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Q: For ERC projects, are costs charged by journal publishers for the provision of immediate open access to publications (article processing charges, APCs) eligible costs?

Yes, these costs are eligible if they are incurred during the lifetime of the project and provided that they are in line with the requirements for direct costs as listed in Article II.14 of the General Conditions of the ERC Grant Agreement Single and Multi-Beneficiary.

Q: For ERC projects, if a grant is transferred from one host to another, which organisation is responsible for ensuring open access to publications based on work carried out at the first host institution?

If the Grant Agreement contains a Special Clause 39 ERC, then the initial host institution is responsible for providing open access to those publications that have been published while it was the beneficiary. For any publication after the transfer of host institution, the new host institution is responsible as far as the deposit in a repository and the provision of open access is concerned, irrespective whether the publication is based on work carried out at the old or the new host institution.

Q: For ERC projects, why are the reporting periods for financial (every 18 months) and scientific (every 30 months) reports different and how are they linked?

One of the specificities of the ERC Grant Agreement is the split of the reporting into two distinct sets of reporting periods, in order to diminish the administrative burden on the researchers:

-Scientific reports, usually after half of the project (30 months) and at the end of the project in Starting and Advanced Grants and two intermediate reports (usually every 24 months) and one at the end of the project in Synergy Grants. Scientific reports are submitted by the Principal Investigator on behalf of the Host Institution/beneficiary;

- Financial reports, usually every 18 months and at the end of the project. Financial reports are submitted by the Host Institution with a contribution from the Principal Investigator, as per General Conditions to the ERC Grant Agreement, Article II.3.1.b for Single or Article II.3.bis.1.b for Multi-beneficiary Grant Agreements.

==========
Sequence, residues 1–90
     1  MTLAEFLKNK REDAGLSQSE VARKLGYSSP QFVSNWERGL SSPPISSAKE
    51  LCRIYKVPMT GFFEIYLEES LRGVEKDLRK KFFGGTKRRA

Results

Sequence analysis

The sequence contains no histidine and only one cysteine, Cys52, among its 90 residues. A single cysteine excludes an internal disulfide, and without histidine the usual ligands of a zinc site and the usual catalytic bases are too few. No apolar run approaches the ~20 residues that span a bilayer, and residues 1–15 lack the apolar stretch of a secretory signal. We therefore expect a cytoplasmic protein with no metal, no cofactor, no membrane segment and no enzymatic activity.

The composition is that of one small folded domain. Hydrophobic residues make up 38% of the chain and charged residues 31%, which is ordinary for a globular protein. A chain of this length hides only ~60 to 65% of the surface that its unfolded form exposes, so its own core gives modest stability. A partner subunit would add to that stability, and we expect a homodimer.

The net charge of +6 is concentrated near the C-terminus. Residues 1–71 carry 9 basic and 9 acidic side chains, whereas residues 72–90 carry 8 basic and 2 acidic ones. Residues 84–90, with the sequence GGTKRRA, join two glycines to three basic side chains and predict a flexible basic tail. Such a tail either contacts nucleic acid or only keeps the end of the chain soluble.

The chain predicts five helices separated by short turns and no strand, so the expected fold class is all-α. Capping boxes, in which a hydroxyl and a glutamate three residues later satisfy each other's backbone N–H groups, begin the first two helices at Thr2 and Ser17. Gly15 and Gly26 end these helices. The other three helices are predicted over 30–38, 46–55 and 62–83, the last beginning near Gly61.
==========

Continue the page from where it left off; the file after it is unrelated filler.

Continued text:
Two different departments/units in the ERCEA follow the (two) separate reporting streams to independently ensure appropriate work progress, follow-up and monitoring of the project. The templates are sent via advance notice letter 15 days before the end of the reporting period (in order to ensure that the beneficiary uses the latest version available).

If the scientific report has been approved without conditions, the payment will be performed at the end of the next financial reporting period without the need of any additional scientific requirements (if no new scientific issues arise meanwhile). If the scientific report has been approved conditionally, at the end of the next financial reporting period, the payment will be subject to verification that the suggested scientific recommendations have been properly fulfilled in the meantime. If the scientific report has been rejected and a revised version of the report was requested, the payment at the forthcoming financial reporting period will be suspended, until a satisfactory revised scientific report is submitted and approved by the scientific department. If the scientific report has been rejected, the ERCEA may start the procedure for termination of the Grant Agreement.

Final reports submitted within the framework of the termination will be due 45 days after the decision on termination became definitive.

In the evaluation of scientific reports, the ERCEA Scientific Department may require sometimes additional experts review. In these cases the time to evaluate the reports and disburse payments can be suspended till the review is satisfactory.

Q: For ERC projects, is it possible to include the names of individual researchers in a Description of Work?

ERCEA does not recommend, as a common practice, to include names of individual researchers. Exceptions can be requested and have to be motivated. However, a list of all team members will be requested together with each financial report.

Q: For ERC projects, how does the Guarantee Fund works?

At the beginning of a ERC projects, 5% of the maximum contribution will be offset from the pre-financing and transferred to the Guarantee Fund as a financial contribution from the beneficiary. The Guarantee fund aims at covering financial risks and specifically non-reimbursement of amounts due by a beneficiary. At the end of a project, the beneficiary usually recovers its full contribution to the Guarantee Fund.

Q: Where can I find the European Research Council (ERC) logo and when can I use it?